The sudden third-quarter blackout at Sunday’s Super Bowl has been one of the most talked about, and tweeted about, topics of the week. The unexpected event delayed the game, arguably broke some of the players’ momentum and compromised the possibility of some of the commercials running.
As I sat and watched the cameras cut back and forth between the announcers rambling and the cheerleaders entertaining the anxious crowd, I wondered why there weren’t commercials playing. Why wouldn’t CBS sell extra spots that could be run in the event of a disaster such as the blackout?
While I was wondering this to myself, some companies were quickly acting to take advantage of the event in a different way- on social media sites. Bud Light and Speed Stick bid on promoted tweets pegged to the term “power outage,” so people who searched for that phrase saw their tweets.
Other brands went a more direct route; Oreo posted a graphic with the text “Power out? No problem. You can still dunk in the dark.” The cookie brand’s digital agency, 360i was set up to monitor the game closely; decisions were made in real time quickly by marketers and agency members sitting at a sort of “mission control” center at the agency’s headquarters. Among those there were two brand team members from Oreo, approximately a dozen creatives, strategists, community managers and social media monitors. The Oreo graphic was “designed, captioned, and approved within minutes,” according to Sarah Hofstetter, president of 360i.
Audi, Tide, and Volkswagen were some other brands to also make the best of the event. Audi used the opportunity to take a jab at Mercedes-Benz with the tweet, “Sending some LEDs to the @MBUSA Superdome right now…” while Tide ran a tweet and graphic with the caption, “We can’t get your #blackout but we can get your stains out.”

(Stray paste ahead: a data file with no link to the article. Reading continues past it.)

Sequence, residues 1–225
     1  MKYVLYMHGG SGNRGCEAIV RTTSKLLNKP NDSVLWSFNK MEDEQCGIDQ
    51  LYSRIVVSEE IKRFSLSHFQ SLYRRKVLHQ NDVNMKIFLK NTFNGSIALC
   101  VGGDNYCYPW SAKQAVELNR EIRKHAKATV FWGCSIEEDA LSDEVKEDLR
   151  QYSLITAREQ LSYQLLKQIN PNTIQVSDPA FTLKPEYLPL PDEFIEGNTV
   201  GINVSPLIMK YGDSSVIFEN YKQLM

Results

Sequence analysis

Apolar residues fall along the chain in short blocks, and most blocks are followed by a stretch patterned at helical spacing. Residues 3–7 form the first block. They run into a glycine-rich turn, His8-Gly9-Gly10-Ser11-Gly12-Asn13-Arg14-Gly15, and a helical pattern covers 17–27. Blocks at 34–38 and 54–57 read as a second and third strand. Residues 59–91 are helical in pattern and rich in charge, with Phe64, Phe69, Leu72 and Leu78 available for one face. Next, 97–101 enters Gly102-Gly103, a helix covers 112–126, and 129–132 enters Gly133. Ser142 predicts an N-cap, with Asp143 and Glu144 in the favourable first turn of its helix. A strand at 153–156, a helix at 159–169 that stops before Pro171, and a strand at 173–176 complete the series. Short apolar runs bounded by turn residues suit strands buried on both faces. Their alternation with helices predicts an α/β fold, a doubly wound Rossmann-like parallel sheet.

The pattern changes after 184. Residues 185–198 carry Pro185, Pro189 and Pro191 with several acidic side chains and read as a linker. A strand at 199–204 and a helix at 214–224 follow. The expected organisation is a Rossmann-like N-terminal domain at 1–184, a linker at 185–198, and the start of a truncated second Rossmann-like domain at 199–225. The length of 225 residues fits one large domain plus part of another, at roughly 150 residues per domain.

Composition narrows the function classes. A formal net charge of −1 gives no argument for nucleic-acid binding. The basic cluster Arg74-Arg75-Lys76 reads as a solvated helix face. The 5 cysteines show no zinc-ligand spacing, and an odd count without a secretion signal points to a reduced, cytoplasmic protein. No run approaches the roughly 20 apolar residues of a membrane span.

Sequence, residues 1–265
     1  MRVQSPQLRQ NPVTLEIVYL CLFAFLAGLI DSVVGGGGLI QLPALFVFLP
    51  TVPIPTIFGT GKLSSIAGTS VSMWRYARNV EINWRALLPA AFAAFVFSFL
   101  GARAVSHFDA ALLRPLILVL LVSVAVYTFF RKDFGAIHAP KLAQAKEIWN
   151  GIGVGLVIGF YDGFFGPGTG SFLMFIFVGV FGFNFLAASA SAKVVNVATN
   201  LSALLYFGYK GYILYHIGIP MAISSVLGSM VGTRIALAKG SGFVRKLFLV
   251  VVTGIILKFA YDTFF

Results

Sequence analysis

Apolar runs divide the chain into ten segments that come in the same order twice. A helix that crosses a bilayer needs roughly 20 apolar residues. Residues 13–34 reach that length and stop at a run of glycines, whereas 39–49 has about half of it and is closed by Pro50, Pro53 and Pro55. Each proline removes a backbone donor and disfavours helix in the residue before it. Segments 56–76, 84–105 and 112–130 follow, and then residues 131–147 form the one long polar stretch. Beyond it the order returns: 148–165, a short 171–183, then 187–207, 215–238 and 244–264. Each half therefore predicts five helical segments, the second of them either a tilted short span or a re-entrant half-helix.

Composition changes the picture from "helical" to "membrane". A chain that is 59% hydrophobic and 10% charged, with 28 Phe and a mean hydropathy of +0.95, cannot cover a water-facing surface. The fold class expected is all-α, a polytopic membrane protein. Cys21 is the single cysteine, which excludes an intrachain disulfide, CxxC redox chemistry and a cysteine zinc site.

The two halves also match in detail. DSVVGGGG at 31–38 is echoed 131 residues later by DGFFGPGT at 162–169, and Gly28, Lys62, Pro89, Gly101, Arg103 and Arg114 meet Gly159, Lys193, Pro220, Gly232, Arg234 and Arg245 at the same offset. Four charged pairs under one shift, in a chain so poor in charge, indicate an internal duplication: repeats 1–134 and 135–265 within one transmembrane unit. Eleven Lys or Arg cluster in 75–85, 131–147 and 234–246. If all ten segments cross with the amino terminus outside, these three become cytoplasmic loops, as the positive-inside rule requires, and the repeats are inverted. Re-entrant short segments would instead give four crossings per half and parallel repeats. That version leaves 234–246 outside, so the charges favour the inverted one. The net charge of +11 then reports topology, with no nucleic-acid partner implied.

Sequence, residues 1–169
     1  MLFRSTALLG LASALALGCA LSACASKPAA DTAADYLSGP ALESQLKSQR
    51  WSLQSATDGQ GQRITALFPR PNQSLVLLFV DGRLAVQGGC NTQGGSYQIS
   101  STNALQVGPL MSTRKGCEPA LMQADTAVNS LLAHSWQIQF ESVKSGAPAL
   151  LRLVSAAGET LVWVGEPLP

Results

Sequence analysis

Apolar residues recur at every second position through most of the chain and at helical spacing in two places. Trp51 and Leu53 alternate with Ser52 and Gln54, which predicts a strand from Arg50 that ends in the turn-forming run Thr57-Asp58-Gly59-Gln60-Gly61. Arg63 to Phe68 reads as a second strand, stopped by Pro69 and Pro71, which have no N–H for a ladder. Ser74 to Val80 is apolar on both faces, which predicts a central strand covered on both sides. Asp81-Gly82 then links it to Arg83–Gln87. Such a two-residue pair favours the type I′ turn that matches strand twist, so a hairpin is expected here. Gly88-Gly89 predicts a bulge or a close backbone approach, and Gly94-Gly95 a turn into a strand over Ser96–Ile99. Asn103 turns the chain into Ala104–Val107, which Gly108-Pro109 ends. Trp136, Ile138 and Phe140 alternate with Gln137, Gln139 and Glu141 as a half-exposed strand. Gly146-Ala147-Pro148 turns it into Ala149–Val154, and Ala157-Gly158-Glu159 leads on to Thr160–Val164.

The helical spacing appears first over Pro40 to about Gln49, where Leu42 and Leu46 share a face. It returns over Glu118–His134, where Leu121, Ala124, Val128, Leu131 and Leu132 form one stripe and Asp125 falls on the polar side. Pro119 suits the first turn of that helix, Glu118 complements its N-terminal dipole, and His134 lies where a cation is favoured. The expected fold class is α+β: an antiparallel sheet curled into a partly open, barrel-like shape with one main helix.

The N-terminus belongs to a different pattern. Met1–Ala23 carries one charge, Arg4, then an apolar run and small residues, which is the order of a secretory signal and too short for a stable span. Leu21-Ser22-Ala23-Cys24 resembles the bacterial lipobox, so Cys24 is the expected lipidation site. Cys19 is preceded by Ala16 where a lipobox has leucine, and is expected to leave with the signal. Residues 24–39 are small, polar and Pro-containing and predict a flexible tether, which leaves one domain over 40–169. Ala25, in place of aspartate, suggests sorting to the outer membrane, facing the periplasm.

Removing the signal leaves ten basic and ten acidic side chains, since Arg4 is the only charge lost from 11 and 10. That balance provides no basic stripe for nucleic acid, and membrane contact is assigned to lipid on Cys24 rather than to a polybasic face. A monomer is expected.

When the game resumed, so did the commercials. Some companies, such as Coca-Cola, were less concerned about the effect the blackout might have on ratings and more worried about keeping ad efforts trending. Prior to the blackout, its “Mirage” ad, identified by the hashtag #CokeChase was trending nationally.
The idea behind “Mirage” was a desert race among showgirls, cowboys and badlanders all chasing a bottle of Coke. Consumers were asked to vote online for a team and “sabotage” its competitors, which would determine which follow-up commercial Coke would run right after the Super Bowl concluded.
After getting 78,000 site requests per second on Cokechase.com, the social media room urged consumers to vote with hashtags via Twitter, but the chatter about the blackout effectively drowned it out. Laura Houghton, senior social-media manager at Coca-Cola, said, “The blackout is not our conversation to have.” Luckily for Coke, the blackout did not affect the overall success of their commercial. Coke’s production team presented preliminary numbers that were solid — 8.2 million interactions, including 910,000 votes, far exceeding the internal goals of 1.6 million interactions, including 400,000 votes.